Don't Discard Test-driven Development in the Cloud?

By Arin [email protected]

Writing software for the cloud can be very different than writing software that runs on a single server. It can make test-driven development (TDD) more complicated, but it is still well worth doing. For the purposes of this article, I'll consider two types of software development in the cloud: cloud hosting and distributed computing. 

In cloud hosting, you are still writing the same type of software that you have always written. A simple example is a website developed in PHP, Java, Ruby on Rails, or .NET. You are not developing anything out of the ordinary, and the only impact cloud computing makes on your architecture is that it is easier for you to scale the web UI of your system as traffic grows.

For cloud-hosting scenarios, nothing has changed with regards to TDD. The typical xUnit frameworks will provide all that you need to write solid software using good XP practices.

Distributed computing is different. For the purposes of this article, I will define it as software that is designed to scale horizontally across many servers in order to improve some combination of reliability or speed or simply to spread the computational requirements of complex algorithms across many servers.

The use of clouds for distributed computing is more complicated and less common than the more straightforward cloud hosting scenario. However, more teams are being called on to develop these types of applications, and there are many open source projects that are making it easier to tap into the more advanced powers of cloud computing. 

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Hypothesis Testing?

Very Helpful Article by Jesse Farmer:

Say I hand you a coin. How would you tell if it’s fair? If you flipped it 100 times and it came up heads 51 times, what would you say? What if it came up heads 5 times, instead?In the first case you’d be inclined to say the coin was fair and in the second case you’d be inclined to say it was biased towards tails. How certain are you? Or, even more specifically, how likely is it actually that the coin is fair in each case?

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A Pragmatic Strategy for NOT Testing in the Dark?

© 1999 Johanna Rothman and Brian Lawrence. Originally published in Software Testing and Quality Engineering, Mar./April 1999 Issue.
A project manager strides purposefully into your office. "JB, this disk has the latest and greatest release of our software. Please test it." You say "OK, OK. What does it do?" The manager stops in his tracks and says "Uh, the usual stuff..."
Sound familiar? We've run into this situation as employees and as consultants. We've seen testers take the disk, stick it in the drive, and just start testing away.
That's testing in the dark. We think there are approaches that are more productive. When we test or manage testers, we plan the testing tasks to know what value we can get from the testing part of the project.
Let's try turning on the lights!
Even for a short (2-week) testing project, we've used this strategy. Consider this approach:
  • Discover the product's requirements, to know what testing needs to be done;
  • Define what quality means to the project, to know how much time and effort we can apply to testing;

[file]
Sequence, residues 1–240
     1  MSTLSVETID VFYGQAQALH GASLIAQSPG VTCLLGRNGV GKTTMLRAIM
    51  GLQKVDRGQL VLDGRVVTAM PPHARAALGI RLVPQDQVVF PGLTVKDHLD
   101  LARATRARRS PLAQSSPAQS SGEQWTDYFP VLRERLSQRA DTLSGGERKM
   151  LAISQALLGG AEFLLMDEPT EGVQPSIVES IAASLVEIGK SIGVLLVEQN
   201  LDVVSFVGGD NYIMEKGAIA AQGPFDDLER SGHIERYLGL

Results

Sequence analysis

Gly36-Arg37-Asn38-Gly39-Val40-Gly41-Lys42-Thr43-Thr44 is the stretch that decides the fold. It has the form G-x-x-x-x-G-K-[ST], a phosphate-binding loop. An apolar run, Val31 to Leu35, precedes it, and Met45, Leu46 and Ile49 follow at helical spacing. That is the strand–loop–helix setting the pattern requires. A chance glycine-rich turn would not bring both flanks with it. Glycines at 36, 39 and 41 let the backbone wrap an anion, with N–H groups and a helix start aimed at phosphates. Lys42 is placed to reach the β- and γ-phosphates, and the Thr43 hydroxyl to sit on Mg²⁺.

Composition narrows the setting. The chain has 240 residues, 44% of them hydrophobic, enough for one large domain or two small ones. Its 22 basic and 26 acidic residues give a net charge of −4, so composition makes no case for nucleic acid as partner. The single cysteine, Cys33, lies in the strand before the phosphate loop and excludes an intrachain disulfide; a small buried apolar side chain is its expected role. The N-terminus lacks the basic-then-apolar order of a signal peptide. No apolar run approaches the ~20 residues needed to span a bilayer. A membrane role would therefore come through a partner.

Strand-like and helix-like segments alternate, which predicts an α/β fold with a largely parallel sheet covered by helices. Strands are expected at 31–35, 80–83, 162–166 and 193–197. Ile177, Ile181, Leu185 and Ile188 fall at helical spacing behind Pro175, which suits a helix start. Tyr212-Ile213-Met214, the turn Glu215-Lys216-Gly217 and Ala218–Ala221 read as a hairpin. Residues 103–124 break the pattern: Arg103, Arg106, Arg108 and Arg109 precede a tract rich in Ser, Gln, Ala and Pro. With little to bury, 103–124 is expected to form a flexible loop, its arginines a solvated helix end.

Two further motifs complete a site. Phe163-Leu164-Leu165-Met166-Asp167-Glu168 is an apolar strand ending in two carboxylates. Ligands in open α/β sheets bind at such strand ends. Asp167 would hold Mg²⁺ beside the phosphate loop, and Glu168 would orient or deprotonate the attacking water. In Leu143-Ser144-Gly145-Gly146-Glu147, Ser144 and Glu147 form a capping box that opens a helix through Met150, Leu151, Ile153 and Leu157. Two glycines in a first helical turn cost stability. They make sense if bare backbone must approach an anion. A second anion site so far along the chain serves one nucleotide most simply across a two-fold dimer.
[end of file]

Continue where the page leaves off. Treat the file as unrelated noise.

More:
• Define a test plan, including release criteria, to check out different people's understanding of what's important about the product, and to know when we're ready to ship.

Discover the Requirements

The first part of your planning is to play detective. Your product will have a variety of requirements over its lifetime. Some will be more important sooner, others, later. You have to discover this project's requirements.

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Metrics for Software Testing: Managing with Facts: Part 2: Process Metrics ?

Very Helpful Article Written by Rex Black:

In the previous article in this series, I offered a number of general observations about metrics, illustrated with examples. We talked about the use of metrics to manage testing and quality with facts. We covered the proper development of metrics, top-down (objective-based) not bottom-up (tools-based). We looked at how to recognize a good set of metrics.
In the next three articles in the series, we’ll look at specific types of metrics. In this article, we will take up process metrics. Process metrics can help us understand the quality capability of the software engineering process as well as the testing capability of the software testing process. Understanding these capabilities is a pre-requisite to rational, fact-driven process improvement decisions. In this article, you’ll learn how to develop and understand good process metrics.

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Checklist for Windows Compliance Testing?

A very helpful checklist for testers by Ray Claridge Product Manager at IPC Media

For Each Application

1. Start the application by double clicking on its icon. The loading message should show the application name, version number, and a bigger pictorial representation of the icon.

2. The main window of the application should have the same caption as the caption of the icon in Program Manager.

3. Closing the application should result in an "Are you Sure" message box.

4. Attempt to start application twice. This should not be allowed - you should be returned to main Window.